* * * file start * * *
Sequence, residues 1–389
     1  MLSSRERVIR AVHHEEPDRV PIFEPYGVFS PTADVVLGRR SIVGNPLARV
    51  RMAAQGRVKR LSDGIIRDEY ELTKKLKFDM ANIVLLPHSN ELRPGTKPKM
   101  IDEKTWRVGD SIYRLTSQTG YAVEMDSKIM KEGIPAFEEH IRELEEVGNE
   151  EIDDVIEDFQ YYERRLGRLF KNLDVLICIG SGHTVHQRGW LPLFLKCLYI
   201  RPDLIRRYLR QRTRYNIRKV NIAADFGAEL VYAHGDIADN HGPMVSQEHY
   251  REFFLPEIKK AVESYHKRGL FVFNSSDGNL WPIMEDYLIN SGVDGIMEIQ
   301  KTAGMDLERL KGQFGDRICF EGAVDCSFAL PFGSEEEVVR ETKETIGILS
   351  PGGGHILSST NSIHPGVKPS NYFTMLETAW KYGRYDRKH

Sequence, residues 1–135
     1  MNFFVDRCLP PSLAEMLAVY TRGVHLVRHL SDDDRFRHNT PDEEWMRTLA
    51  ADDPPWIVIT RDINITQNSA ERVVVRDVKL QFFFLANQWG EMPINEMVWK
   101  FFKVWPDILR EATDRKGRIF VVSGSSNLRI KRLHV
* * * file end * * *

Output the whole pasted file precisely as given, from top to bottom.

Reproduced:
Sequence, residues 1–389
     1  MLSSRERVIR AVHHEEPDRV PIFEPYGVFS PTADVVLGRR SIVGNPLARV
    51  RMAAQGRVKR LSDGIIRDEY ELTKKLKFDM ANIVLLPHSN ELRPGTKPKM
   101  IDEKTWRVGD SIYRLTSQTG YAVEMDSKIM KEGIPAFEEH IRELEEVGNE
   151  EIDDVIEDFQ YYERRLGRLF KNLDVLICIG SGHTVHQRGW LPLFLKCLYI
   201  RPDLIRRYLR QRTRYNIRKV NIAADFGAEL VYAHGDIADN HGPMVSQEHY
   251  REFFLPEIKK AVESYHKRGL FVFNSSDGNL WPIMEDYLIN SGVDGIMEIQ
   301  KTAGMDLERL KGQFGDRICF EGAVDCSFAL PFGSEEEVVR ETKETIGILS
   351  PGGGHILSST NSIHPGVKPS NYFTMLETAW KYGRYDRKH

Sequence, residues 1–135
     1  MNFFVDRCLP PSLAEMLAVY TRGVHLVRHL SDDDRFRHNT PDEEWMRTLA
    51  ADDPPWIVIT RDINITQNSA ERVVVRDVKL QFFFLANQWG EMPINEMVWK
   101  FFKVWPDILR EATDRKGRIF VVSGSSNLRI KRLHV